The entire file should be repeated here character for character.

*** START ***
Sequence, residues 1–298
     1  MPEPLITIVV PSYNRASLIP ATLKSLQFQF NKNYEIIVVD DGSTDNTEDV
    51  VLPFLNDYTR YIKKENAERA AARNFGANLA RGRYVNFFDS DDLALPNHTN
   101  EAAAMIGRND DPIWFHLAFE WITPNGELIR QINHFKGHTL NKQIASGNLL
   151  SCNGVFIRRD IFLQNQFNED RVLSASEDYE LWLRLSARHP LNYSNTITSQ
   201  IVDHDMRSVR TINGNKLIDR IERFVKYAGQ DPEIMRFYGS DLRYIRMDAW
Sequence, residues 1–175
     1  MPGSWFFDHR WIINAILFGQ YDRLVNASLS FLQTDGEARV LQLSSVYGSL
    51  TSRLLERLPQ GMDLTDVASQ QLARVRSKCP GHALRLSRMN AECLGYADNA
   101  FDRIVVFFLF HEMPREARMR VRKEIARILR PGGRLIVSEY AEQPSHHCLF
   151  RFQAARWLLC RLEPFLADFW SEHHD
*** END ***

Sequence, residues 1–298
     1  MPEPLITIVV PSYNRASLIP ATLKSLQFQF NKNYEIIVVD DGSTDNTEDV
    51  VLPFLNDYTR YIKKENAERA AARNFGANLA RGRYVNFFDS DDLALPNHTN
   101  EAAAMIGRND DPIWFHLAFE WITPNGELIR QINHFKGHTL NKQIASGNLL
   151  SCNGVFIRRD IFLQNQFNED RVLSASEDYE LWLRLSARHP LNYSNTITSQ
   201  IVDHDMRSVR TINGNKLIDR IERFVKYAGQ DPEIMRFYGS DLRYIRMDAW
Sequence, residues 1–175
     1  MPGSWFFDHR WIINAILFGQ YDRLVNASLS FLQTDGEARV LQLSSVYGSL
    51  TSRLLERLPQ GMDLTDVASQ QLARVRSKCP GHALRLSRMN AECLGYADNA
   101  FDRIVVFFLF HEMPREARMR VRKEIARILR PGGRLIVSEY AEQPSHHCLF
   151  RFQAARWLLC RLEPFLADFW SEHHD